Bill Dickens Interview
By: Vuyani Wakaba
For The South African Bass Collective
Among the perks of living in the Chicago suburbs are the opportunities to sometimes meet up with some amazing bass players. Some of these gifted players come through town on tour, others come to Chicago to conduct bass clinics, others happen to live here. Of the Chicago based bassists, one of the most well known is the legendary Bill “The Buddha” Dickens.
I first met Bill Dickens in the mid 1990’s while I lived in the State of Washington, not far from Seattle. From the first meeting, he was gracious, down to earth, encouraging and willing to explain a lot of his world-famous techniques. When asked by the South African Bass Collective to conduct an interview with Bill Dickens, I was happy to do it!
Our conversation was very broad, and I feel like we touched on many important topics such as musicianship, music business, musical history, and relationships within the music business. As a result, below is a condensed version of some of the things we discussed:
South African Bass Collective (BC):
Bill, I was asked to interview you by the South African Bass Collective – a group of committed bass players in South Africa. I really appreciate your taking the time to talk. Getting right into it, how long have you been playing the bass?
Bill Dickens (BD): 47 years.
BC: Man, that’s a long time! How did you get started?
BD: My mom got me started. She took us to the theater every week where we saw such acts as The Miracles, The Motown Review (a tour of several Motown acts like The Supremes, Marvin Gaye, The Temptations, etc.), etc.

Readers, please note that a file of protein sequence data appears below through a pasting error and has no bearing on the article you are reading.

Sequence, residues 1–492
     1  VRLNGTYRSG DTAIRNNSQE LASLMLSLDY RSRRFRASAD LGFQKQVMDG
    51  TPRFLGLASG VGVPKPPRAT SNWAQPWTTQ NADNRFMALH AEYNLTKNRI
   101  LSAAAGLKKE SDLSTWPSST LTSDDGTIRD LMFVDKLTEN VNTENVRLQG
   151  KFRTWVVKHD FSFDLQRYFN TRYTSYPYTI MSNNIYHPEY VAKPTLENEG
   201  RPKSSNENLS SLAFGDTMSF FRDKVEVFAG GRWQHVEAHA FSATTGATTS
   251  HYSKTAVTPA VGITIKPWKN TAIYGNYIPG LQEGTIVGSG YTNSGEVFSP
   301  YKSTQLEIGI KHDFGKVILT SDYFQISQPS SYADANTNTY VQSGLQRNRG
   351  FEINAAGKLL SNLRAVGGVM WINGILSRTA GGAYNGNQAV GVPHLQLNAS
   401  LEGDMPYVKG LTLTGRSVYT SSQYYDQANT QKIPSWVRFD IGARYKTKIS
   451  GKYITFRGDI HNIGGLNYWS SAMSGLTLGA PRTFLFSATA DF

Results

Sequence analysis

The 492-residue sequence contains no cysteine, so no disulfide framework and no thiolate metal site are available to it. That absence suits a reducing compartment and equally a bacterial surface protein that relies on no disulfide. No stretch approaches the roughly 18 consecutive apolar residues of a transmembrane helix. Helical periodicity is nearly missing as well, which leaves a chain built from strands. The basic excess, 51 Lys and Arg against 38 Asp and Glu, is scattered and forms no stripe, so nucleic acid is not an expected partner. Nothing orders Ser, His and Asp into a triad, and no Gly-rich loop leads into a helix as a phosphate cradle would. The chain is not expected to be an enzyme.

BC: That’s quite a foundation! What would you consider to be your favorite band or solo artist?
BD: Man, there are way too many to list! You have to remember that I’m not only a bass player, I’m also a vocalist, a lyricist, a producer, and a multi-instrumentalist. So, I like a wide variety of artists. For example, and this doesn’t include all of them, but I like James Taylor, Earl Klugh, of course Stevie Wonder, Motown writers (Brian Holland, Lamont Dozier & Edward Holland), Babyface, L.A. Reid (former La Face Records partners who wrote and produced many hits), George Benson, Eddie VanHalen (you didn’t know I had a rock background did you?), Charlie Parker, Gene Harris, Larry Graham, Louis Johnson, Victor Wooten, and many, many more.
BC: You mentioned that you are a multi-instrumentalist. What else do you play besides bass?
BD: I play piano (I’ve been programming keyboards since the mid-1980’s), guitar, electric & upright bass, I’m a producer, etc. When I write music, I sometimes write from the piano or sometimes from the bass.
BC: What instruments are you playing currently? Recently, I’ve seen you playing your signature white Conklin seven string bass (with a white fingerboard) here in Chicago, in Nashville, and on various videos.
BD: I’m playing my signature Conklin seven string, I have my Conklin nine string – which caused a big stir when it was first built for me by Bill Conklin. The story behind my nine string Conklin is that it was built for me and displayed at the Conklin booth at the Namm Show (a music manufacturer’s trade show held twice a year) one year. When I arrived at the Namm Show and everybody wanted to know if I’d seen the bass that had been built for me. When I got to the booth, the place was packed! Funny thing is that I couldn’t hear anyone playing or anything, so I was also curious to see what was going on. I finally made my way to the front of the crowd and saw my new nine string Conklin. All I could do was just stand there and look at it!